| Follow Us: Facebook Twitter Youtube RSS Feed

Development News

BILD talks state of GTA housing market at Green Homes Summit

Bryan Tuckey from BILD is one of the presenters at this week's Green Homes Summit

GTA home buyers are still very reluctant to pay more for an environmentally friendly place to live, but rapid changes in technology and construction methods are bringing the prices of greener homes down, says the president and CEO of the Building Industry and Land Development Association (BILD).

Bryan Tuckey is speaking this week about the state of home building in the GTA at the Greater Toronto Chapter of the Canada Green Building Council’s Green Homes Summit. The gathering of industry folk will explore new developments in greening for residential construction ranging from “ground-related” homes—that is single-family, semi-detached and townhomes—up to 12-storey midrise buildings.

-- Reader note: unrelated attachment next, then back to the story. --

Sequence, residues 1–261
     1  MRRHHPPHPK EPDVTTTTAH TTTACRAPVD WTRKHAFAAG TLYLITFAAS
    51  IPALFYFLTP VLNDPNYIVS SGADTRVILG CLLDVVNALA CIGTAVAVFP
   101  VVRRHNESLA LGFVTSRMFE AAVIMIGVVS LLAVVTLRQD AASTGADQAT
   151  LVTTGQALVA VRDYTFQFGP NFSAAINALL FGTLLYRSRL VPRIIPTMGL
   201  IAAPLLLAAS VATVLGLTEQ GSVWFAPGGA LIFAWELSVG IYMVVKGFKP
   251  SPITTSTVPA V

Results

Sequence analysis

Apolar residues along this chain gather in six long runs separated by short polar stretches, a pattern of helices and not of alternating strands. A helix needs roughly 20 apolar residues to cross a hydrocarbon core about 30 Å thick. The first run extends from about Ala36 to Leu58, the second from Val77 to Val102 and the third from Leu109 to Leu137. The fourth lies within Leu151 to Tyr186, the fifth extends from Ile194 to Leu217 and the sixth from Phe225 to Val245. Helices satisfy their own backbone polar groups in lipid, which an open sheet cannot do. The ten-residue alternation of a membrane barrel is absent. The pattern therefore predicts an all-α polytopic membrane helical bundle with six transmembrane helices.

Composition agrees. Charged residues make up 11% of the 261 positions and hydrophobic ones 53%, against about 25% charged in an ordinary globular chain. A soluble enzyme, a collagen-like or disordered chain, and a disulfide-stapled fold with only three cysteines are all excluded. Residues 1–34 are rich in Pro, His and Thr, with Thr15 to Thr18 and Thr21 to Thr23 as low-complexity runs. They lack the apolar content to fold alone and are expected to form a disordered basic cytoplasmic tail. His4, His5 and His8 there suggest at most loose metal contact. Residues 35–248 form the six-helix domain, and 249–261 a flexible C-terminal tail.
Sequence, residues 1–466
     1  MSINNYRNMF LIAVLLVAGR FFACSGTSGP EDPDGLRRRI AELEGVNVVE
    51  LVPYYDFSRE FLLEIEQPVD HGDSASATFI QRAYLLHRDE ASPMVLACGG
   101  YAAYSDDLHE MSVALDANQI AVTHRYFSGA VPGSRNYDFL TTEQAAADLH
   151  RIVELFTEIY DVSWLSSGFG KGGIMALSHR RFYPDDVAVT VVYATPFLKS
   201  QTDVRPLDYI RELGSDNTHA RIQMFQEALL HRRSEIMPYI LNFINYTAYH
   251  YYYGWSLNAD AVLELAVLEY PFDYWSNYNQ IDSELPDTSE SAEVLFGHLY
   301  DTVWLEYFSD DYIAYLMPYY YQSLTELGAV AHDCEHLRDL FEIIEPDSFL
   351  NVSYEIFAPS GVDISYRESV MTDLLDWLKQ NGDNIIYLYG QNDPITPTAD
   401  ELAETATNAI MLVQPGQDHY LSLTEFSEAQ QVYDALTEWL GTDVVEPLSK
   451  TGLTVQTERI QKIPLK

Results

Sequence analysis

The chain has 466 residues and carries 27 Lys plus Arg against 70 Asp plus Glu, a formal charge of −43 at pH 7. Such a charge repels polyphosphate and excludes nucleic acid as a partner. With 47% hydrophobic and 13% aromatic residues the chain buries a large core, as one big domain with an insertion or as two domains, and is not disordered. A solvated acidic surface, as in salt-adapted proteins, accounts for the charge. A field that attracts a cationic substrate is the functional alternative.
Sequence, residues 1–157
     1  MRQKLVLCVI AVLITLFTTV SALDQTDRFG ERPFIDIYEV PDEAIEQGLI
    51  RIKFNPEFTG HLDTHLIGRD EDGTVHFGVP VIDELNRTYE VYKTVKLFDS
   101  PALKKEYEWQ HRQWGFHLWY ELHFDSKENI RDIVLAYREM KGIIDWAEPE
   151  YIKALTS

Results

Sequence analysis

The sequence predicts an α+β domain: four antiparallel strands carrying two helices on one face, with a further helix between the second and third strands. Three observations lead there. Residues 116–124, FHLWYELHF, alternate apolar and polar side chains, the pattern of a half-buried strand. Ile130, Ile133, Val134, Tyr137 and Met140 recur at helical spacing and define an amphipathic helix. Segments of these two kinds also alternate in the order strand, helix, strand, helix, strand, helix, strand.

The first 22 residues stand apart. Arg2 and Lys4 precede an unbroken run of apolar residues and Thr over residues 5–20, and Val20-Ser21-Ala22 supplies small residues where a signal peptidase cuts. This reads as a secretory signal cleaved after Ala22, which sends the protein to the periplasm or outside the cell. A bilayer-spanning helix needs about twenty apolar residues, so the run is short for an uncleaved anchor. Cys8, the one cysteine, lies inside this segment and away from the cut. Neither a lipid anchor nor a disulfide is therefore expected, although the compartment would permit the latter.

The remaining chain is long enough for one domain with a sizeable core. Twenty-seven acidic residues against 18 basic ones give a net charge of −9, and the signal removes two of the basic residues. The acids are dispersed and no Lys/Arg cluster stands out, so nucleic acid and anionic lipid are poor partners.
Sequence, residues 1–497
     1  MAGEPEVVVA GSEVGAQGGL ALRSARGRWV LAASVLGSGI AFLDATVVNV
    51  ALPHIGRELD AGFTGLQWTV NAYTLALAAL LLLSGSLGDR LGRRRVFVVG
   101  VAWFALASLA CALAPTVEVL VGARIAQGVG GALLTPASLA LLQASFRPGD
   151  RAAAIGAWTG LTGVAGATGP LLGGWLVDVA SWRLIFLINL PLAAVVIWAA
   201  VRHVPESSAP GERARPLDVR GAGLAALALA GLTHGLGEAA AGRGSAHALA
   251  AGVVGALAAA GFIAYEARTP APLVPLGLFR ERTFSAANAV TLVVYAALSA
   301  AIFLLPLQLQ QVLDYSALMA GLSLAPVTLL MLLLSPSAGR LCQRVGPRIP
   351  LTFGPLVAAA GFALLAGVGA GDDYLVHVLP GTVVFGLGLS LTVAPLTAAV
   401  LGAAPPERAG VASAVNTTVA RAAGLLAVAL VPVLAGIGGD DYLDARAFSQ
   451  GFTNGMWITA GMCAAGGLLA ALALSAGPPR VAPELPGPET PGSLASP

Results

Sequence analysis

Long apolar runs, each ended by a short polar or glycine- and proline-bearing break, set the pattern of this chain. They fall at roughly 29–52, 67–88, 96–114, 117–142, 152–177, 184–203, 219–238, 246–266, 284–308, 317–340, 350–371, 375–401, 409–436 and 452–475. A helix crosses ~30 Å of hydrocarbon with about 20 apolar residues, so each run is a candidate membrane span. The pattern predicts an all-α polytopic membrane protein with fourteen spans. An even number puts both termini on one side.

“Embedded in BILD’s strategic plan is sustainability and green buildings. Our members are leaders in building greener homes,” says Tuckey. “Consumers are still price sensitive and tend to look in the shorter term than the longer term, so you really have to educate the buyer about energy efficiency and that’s still one of the challenges in front of the industry.” Faced with a choice between floor-to-ceiling windows or a lower energy bill, many buyers will still pick the former.

Amidst all the speculation about whether the GTA housing market is a bubble that will some day burst, Tuckey says the numbers suggest otherwise. Household formation in the region—which has held steady at about 36,000 annually since the early 2000s—is still proportional to the number of homes built here each year, about 35,000 in 2015.

“There’s not really a bubble. You’re just building to family formation,” says Tuckey.

But the market has essentially split in two, the low-rise and the high-rise market. The demand for ground-related homes far outpaces supply, fuelling double-digit price increases, up 17 per cent from 2014 to 2015. Condo prices, by contrast, have flat-lined, as supply has managed to keep up with demand.

Writer: Paul Gallant
Source: Bryan Tuckey
Signup for Email Alerts
Signup for Email Alerts